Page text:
Staffordshire Bull Terrier
Origin: Great Britain
Height: 14 to 16 inches (36-41 cm)
Weight: 24 to 38 lbs (11-17.5 kg)
Gladius La Reine-S
Photo credit: Gladius Kennels
The Staffordshire Bull Terrier originated in Britain some 200 years ago and was bred as a pit fighter which he excelled at for more than a century.
The Stafford is courageous, tenacious, stubborn, curious, protective, intelligent, active, agile and has a strong “prey drive”. These personality traits together with his affection and devotion to his family and children in particular, make him a wonderful family companion. The Stafford has been referred to as the “children’s nursemaid” or the “nanny dog.” They are extremely tolerant and affectionate toward children.
Although the Stafford can adapt well to many living environments, this is an active breed who requires vigorous daily exercise. His high level of energy also means that the breed is successful and enjoys participating in many dogs sports and activities, including: Competitive Obedience, Agility, and Flyball.
His coat is short, smooth and close to the skin. He may be solid red, fawn, white, black, blue or brindle or any of these with white.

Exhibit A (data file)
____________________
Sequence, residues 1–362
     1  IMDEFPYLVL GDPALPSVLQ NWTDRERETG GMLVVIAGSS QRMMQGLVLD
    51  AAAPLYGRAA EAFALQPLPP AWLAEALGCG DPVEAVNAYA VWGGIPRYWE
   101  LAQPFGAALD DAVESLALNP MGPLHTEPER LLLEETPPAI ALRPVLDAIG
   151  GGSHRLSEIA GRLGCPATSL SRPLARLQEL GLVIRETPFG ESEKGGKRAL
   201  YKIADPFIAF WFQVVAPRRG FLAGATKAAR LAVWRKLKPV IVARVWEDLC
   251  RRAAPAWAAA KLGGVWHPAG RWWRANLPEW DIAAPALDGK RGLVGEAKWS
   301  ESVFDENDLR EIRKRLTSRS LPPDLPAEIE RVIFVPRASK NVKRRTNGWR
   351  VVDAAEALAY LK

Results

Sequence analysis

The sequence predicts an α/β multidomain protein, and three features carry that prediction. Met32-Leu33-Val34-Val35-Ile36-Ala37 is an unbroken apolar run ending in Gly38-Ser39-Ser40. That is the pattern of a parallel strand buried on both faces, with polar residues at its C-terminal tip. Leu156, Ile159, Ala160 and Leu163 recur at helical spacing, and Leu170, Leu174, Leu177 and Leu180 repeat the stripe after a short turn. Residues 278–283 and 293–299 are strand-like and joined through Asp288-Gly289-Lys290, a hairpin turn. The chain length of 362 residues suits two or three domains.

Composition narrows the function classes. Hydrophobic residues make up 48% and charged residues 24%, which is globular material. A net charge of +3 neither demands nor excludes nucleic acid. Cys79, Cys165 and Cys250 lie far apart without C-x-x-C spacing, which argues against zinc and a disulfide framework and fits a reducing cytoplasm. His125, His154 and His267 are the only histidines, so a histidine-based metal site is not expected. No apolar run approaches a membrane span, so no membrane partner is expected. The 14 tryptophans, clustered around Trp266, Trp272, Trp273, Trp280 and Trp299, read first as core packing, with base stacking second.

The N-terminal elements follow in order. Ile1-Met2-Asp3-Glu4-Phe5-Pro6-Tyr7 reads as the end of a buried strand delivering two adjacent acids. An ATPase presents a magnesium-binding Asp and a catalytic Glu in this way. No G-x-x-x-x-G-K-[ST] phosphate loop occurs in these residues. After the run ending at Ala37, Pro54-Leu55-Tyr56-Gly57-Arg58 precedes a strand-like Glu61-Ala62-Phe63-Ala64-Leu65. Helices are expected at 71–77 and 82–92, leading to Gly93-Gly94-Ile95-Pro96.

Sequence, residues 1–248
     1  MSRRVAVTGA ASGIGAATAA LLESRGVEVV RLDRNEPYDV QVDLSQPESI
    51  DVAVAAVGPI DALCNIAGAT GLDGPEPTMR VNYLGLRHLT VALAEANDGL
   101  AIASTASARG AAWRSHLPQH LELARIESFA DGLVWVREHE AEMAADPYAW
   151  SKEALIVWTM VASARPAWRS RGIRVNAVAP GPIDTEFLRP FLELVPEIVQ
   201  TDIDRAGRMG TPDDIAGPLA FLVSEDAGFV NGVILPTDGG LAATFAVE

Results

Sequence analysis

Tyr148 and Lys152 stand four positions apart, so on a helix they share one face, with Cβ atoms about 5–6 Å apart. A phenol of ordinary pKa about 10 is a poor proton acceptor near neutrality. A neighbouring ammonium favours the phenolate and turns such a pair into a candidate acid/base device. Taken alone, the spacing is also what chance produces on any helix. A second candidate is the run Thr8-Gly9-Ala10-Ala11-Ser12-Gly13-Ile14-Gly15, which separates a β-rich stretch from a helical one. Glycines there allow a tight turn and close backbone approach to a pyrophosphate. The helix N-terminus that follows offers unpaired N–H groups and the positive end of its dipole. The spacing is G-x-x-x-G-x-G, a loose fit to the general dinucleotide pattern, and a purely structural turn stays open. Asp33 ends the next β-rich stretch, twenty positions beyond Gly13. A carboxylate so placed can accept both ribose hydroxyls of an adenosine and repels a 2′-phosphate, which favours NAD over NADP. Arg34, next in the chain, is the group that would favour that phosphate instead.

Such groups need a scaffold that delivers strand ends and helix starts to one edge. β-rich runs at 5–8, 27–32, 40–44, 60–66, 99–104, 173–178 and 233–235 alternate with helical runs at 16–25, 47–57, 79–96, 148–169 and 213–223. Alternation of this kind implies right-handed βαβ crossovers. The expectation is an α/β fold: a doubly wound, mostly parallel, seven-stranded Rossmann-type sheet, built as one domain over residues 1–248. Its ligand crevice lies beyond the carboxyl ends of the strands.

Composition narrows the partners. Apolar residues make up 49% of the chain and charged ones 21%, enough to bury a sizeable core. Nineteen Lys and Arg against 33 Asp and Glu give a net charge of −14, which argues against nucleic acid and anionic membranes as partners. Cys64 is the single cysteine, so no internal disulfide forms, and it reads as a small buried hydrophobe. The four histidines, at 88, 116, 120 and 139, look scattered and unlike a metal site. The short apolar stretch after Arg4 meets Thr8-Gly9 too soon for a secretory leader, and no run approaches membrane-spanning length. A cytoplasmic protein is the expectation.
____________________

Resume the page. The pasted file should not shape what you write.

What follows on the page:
All Bull and Terrier breeds — The American Staffordshire Terrier, the Bull Terrier, the American Pit Bull Terrier, and the Staffordshire Bull Terrier share the Bulldog as a common ancestor. They also all share a natural love of people, although for some this love will not necessarily extend beyond their family members. The AmStaff is known to have a more serious demeanor, while the Bull Terrier is well known for his sense of humour. Staffords have a very strong “prey drive” and are extremely sensitive to the emotions and feelings of their family members.
The term “Pit Bull” is often used to refer to a breed type as well as different breeds of dogs, including the Staffordshire Bull Terrier. Other breeds commonly referred to as “Pit Bulls” include: the American Staffordshire Terrier and the American Pit Bull Terrier. Some believe that all of these breeds of dogs originally came from the same pit fighting stock over 100 years ago but have been bred to differing standards and are now known as distinct and separate breeds. Others believe that these dogs are simply different strains of the same breed. History aside and whether or not they are distinct breeds, if well bred, they all share a natural love for people and the Bulldog as a common ancestor.
If you are considering the adoption of a Staffordshire Bull Terrier puppy, or any breed, it is very important to be selective in choosing a responsible and reputable breeder. Ensure that the prospective puppy’s parents have all health clearances. The Staffordshire Bull Terrier Club of Canada recommends that all breeding stock be tested and cleared of hereditary disorders. Tests should include: PHPV/HC, OFA, CERF, and Brucellocious. Breeding of any dog should not be done until after they have been proven to be free of evidence of significant hereditary diseases. (For more information on selecting a breeder, see the articles on the main General Information page.)
Additional Health Resources: